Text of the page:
Anyway back home with my haul of goodies I set to work to make a quick lunch. I like my asparagus simply done –I’m not one for turning it into soups it always seems best to me steamed or maybe grilled and then dressed with some oil or butter, or served with simple accompaniments such as poached egg, or a little cheese. Today I opted for steaming it above the potatoes and then serving it on a bed of parma ham, drizzling it with olive oil and sprinkling with a little bit of Sacanova Aged Mahon cheese, the potatoes were alongside with some oil and fresh mint.

Sweet and slightly nutty asparagus, earthy, nutty potatoes, sweet ham and a salty caramel tang from the cheese – perfection.

With only about 45 days left to get my fill how shall I have tomorrow’s asparagus?

Very easy rhubarb ice cream

As the sun has been out quite a bit over the last few weeks my mind turned to ice cream making. I don’t make lots of desserts or do lots of baking – I enjoy it but we just don’t eat dessert that often so it kind of gets wasted (this is not some ‘health’ or ‘no sugar’ things its just I prefer munching on savoury stuff these days); but every now and then a sweet dish is just what’s needed.

There are some really good ice creams out there especially at farm shops – enough really to make you wonder if home made ice cream is worth it, but of course it is – it’s a great project thing and good for impressing guests (or just your other half).

I’ve been a fan of Alder Carr Farm’s Alder Tree ice creams for a good number of years and when I get the chance I indulge in a little pot, sometimes insisting on a stop off at their farm shop just to get my hands on one. My favourite flavours are; Gooseberry and elderflower, Raspberry, Stem ginger and rhubarb and Summer fruits – its so hard to pick. Anyhow, we went for a walk near Blythburgh the other day and I was hoping for an ice cream treat at the end, but we were later than expected due to a route diversion and so there was no hope of getting my mitts on any ice cream anywhere ?

Okay a big disappointment – but there are always ways to compensate and so I started planning some ice cream making. I’d picked up some rhubarb at the farm shop and hadn’t decided what to do with it so, with the cogs in my head whirring into action, I settled on either rhubarb and elderflower or rhubarb and pink ginger ice cream. I generously allowed my husband to pick between these two choices and he went for the ginger option.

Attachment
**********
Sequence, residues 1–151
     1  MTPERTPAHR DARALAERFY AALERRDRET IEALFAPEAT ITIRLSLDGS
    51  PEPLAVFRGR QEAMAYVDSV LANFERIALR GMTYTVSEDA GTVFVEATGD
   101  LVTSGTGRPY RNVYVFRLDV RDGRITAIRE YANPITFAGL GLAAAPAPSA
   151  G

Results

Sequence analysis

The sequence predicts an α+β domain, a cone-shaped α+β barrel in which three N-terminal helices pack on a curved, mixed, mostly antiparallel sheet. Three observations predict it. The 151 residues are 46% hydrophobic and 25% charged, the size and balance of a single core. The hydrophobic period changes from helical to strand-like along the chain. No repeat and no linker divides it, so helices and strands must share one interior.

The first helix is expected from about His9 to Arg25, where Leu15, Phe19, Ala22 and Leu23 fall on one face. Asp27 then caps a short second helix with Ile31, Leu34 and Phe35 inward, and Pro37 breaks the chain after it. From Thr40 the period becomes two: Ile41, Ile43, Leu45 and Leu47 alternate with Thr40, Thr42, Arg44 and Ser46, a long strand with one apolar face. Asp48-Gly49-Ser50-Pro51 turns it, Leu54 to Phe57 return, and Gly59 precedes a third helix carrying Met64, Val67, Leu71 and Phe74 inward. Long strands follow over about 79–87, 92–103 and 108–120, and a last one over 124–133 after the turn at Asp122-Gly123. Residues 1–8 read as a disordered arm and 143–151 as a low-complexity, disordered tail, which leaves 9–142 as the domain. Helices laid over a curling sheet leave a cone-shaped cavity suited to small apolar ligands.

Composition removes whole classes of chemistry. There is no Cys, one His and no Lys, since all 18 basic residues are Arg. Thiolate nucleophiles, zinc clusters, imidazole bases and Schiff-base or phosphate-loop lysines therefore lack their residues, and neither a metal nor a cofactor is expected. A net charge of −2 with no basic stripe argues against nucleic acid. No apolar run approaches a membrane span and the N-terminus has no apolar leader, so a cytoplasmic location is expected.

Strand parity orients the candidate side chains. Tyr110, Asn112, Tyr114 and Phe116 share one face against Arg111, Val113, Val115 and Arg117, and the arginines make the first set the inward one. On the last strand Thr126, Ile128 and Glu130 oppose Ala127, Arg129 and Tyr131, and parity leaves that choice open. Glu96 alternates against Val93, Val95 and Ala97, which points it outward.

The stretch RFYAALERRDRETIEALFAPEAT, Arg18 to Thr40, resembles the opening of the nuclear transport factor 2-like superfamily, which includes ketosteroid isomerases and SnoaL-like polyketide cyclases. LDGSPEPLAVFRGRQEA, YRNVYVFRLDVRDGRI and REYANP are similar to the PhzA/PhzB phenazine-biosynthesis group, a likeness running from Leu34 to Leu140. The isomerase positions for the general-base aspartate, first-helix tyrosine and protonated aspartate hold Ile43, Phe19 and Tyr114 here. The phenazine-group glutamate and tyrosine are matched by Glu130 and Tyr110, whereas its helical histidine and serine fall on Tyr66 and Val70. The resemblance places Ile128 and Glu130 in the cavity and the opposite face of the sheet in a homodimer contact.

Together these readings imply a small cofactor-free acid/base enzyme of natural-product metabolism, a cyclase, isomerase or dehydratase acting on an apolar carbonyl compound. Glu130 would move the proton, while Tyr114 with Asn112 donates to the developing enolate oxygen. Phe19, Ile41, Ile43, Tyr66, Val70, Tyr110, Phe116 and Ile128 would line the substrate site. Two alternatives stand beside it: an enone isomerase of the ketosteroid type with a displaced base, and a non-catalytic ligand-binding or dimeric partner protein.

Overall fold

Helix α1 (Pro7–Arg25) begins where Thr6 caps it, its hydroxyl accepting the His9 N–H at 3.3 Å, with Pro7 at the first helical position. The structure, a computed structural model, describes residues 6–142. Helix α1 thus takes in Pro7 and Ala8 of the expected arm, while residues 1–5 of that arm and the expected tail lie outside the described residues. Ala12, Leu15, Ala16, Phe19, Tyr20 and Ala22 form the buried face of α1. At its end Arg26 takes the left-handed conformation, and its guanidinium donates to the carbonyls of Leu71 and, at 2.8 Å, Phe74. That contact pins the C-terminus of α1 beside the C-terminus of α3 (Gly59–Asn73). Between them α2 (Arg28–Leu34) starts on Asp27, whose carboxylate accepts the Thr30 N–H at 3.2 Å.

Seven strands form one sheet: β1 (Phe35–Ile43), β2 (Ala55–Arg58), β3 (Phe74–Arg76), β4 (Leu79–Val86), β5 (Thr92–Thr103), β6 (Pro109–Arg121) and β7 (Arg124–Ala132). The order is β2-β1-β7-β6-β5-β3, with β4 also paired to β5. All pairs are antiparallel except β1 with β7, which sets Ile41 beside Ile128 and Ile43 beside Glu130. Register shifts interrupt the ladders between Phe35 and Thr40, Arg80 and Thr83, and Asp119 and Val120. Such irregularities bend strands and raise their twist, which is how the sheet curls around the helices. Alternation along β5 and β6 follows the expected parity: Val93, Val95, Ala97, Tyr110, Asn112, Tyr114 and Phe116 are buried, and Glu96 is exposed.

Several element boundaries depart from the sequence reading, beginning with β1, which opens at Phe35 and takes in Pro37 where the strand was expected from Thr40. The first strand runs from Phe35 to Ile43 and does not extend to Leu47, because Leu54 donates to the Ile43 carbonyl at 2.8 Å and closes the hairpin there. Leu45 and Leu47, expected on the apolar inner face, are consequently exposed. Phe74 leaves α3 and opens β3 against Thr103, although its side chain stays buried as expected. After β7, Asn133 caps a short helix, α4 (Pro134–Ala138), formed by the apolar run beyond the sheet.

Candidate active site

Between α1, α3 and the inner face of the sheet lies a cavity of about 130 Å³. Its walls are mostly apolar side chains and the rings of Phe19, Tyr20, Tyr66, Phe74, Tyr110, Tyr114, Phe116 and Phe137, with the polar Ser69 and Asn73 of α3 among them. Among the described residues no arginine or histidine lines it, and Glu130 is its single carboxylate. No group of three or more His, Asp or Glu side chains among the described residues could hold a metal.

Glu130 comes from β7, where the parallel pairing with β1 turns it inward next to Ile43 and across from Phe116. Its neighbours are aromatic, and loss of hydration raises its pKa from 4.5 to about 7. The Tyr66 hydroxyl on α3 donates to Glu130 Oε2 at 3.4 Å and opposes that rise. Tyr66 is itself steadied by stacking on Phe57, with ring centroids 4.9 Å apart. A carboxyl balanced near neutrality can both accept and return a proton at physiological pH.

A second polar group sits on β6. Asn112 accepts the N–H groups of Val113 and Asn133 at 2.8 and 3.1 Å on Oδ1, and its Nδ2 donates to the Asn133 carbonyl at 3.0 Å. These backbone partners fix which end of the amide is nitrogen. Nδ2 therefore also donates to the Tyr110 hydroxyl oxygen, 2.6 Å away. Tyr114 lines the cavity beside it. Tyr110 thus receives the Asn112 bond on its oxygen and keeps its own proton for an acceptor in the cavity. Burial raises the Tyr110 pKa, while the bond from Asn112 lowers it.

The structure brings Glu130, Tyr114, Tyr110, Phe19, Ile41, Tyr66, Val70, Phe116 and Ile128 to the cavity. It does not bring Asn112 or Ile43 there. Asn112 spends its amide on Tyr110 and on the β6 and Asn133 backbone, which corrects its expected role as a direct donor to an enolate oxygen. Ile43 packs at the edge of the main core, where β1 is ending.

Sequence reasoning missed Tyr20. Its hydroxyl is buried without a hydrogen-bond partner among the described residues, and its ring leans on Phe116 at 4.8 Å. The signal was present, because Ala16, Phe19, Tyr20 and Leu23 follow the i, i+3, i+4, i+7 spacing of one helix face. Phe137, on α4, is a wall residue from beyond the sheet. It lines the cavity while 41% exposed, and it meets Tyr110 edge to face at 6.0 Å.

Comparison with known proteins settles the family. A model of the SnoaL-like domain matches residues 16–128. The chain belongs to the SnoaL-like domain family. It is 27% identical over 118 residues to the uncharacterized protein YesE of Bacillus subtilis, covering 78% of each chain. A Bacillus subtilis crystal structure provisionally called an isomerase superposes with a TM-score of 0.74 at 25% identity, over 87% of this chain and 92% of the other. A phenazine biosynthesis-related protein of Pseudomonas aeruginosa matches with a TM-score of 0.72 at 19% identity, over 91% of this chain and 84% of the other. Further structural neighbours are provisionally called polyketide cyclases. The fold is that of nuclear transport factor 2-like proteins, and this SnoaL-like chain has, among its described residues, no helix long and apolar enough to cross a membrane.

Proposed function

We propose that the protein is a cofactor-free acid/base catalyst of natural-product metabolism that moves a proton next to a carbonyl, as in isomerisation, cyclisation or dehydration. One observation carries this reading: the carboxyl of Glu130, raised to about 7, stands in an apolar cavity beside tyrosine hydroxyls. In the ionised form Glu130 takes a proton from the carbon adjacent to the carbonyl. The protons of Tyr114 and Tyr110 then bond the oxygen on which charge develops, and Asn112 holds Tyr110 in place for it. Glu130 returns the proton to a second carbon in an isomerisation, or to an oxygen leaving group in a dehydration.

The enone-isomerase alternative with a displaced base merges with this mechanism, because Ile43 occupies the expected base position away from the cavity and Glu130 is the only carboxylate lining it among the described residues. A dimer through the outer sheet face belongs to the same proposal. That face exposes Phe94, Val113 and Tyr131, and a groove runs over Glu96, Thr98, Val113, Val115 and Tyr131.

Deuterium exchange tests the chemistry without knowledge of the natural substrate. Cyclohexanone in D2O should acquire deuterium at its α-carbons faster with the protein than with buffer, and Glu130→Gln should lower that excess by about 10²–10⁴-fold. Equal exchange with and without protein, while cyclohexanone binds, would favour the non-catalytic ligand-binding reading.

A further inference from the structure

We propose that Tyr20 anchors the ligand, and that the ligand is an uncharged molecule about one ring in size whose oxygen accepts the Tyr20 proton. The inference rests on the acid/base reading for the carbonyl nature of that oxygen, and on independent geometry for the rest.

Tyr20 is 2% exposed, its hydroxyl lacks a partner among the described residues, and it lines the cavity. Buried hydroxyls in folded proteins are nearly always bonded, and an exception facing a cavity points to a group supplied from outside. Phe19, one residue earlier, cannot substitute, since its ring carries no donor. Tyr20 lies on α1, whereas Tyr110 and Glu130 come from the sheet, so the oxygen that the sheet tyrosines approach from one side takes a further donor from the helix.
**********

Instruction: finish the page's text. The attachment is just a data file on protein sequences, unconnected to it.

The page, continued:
This is so easy to make you won’t believe it! You’ll need:

rhubarb – a couple of sticks
4 tbsp pink ginger cordial (I used Thorncrofts)
100g of greek style yoghurt
100g of crème fraiche (basically half of the standard size tub)
an ice cream maker (much easier) or a strong plastic box and a freezer (slightly harder)

What to do?

1. cut the rhubarb up pretty small – about 5mm thickness max – you don’t want big stringy bits of rhubarb in your ice cream. Then simmer in about 2tbsp of water (no sugar) it until its soft and breaks up easily (10-15 mins should do it). Leave it to cool completely.
2. when its cool mix in the 4 tbsp of pink ginger cordial (undiluted); or of course elderflower cordial if that’s what you fancy. Check the taste and add a bit more if you like things extra sweet.
3. stir in the yoghurt and crème fraiche – it’ll be pretty sloppy
4. fire up the ice cream maker if you have one and pour in the mixture, allow to churn. It’ll take at least 30 minutes to get to a good frozen but soft scoop consistency. Eat.
5. if you don’t have an ice cream maker then first of all get on to your loved ones and drop hints that you’d quite like one – the ones where you freeze the bowl start at around £35, if you’ve got rich loved ones make noises for one that has its own freezing unit (£220+). Then once you’ve done that put the mix in the plastic box, put it in the freezer and take it out every now and then to stir it as this breaks up the ice crystals and mkes for a smoother consistenty, probably every 2 hours will do it. It’ll take about 8 hours if you can wait that long.  

Enjoy, and feel smug.